The cellular solar collecting means 1 is supported by bottom plate 8 which is shown in more detail in FIG. 3 and to a larger scale. All of the parts illustrated in FIG. 1 are supported by frame 9 closed on top by a sheet of glass 10 which allows the sun's rays to enter the cellular collector 1 and at the same time makes an air tight enclosure for the cellular solar collectors 1, collector pipes 6, header pipes 7, and supporting plate 8.

As an essential part of the invention, I have made the solar collectors 1 with hexagonal shaped cells for best utilization of space and for optimum reflection of the sun's rays within each individual cell for maximum efficiency and heat transfer as will be more fully explained hereinafter. I have found, contrary to the popular opinion that a curved surface will tend to collect more heat, that in fact the hexagonal surface with flat surfaces between sides tends to focus the heat from the sun's rays onto a central point, and it is at this point that I place the transfer pipe 6 so that the maximum heat is focused and concentrated on the pipe for maximum efficiency. Preferably, the sides of the solar collectors 1 are painted black or are black in color so as to basically absorb heat to provide a more uniform distribution of heat within the cells 1 for transfer to the heat pipes 6.

I have also found that the supporting plate 8 should be well insulated from the carrying frame or base, and to this end I prefer an aluminized surface over styrofoam or the like so that all heat which hits the base 8 will be reflected and radiated back up into the cells 1 and collected by the heat pipes 6.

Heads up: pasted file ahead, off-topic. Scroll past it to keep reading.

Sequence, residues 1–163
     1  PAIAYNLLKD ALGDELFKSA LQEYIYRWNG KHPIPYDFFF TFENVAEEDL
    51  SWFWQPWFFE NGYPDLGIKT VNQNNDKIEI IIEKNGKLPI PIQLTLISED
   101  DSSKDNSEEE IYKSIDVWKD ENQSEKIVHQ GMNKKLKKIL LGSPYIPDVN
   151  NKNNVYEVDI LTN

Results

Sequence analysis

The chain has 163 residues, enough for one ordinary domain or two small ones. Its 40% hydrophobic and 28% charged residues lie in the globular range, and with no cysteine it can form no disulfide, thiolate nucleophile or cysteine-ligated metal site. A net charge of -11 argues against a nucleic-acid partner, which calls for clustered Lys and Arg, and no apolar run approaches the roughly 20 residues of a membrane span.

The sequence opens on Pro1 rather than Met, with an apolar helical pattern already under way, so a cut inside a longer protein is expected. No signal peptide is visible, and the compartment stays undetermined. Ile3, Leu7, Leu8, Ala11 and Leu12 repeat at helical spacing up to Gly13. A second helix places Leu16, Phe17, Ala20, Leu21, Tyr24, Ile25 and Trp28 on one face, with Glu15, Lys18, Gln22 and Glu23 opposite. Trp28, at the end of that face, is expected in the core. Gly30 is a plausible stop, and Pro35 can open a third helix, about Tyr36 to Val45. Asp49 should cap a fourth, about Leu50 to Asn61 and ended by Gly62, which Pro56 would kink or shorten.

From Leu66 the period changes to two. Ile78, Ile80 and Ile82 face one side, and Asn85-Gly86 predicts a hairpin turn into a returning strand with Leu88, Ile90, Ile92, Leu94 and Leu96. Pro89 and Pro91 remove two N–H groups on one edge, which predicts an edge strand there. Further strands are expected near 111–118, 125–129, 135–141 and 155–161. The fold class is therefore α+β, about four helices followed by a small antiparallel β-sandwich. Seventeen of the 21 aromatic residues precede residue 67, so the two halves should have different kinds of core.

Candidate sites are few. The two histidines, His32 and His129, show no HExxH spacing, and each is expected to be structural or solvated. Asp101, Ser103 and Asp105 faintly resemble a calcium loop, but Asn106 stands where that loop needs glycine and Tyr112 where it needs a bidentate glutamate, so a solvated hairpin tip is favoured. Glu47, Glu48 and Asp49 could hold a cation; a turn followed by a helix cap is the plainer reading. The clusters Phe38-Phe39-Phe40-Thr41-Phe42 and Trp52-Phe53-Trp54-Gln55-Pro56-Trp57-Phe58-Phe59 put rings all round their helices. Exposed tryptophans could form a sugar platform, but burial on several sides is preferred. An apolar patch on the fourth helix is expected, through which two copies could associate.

While I have indicated in FIG. 2 that the pipes 6 extend longitudinally through the arranged collector cells 1, it should be understood that it would be possible to run pipes also transversely therethrough so that there would, in effect, be two pipes passing through each solar cell, one arranged above the other, and this is illustrated by the dotted line indication in FIG. 3 as 6a. The insulated relationship of supporting plate 8 is indicated in broken-away section in FIG. 3 with the aluminum plate indicated by numeral 8a and the styrofoam insulation backing illustrated by numeral 8b. Again, preferably the surface of the aluminum face plate 8a will be painted a dull black.

FIG. 6 illustrates a flanged connection 11 at the contact area between the cellular collectors 1 and the collector pipes 6 for better heat transfer. It is anticipated that the cellular collector pipes 6 should be preferably made from copper or aluminum or other good heat transfer material, while the collector cells 1 are also made from the same type of material so that heat transfer readily takes place with maximum efficiency.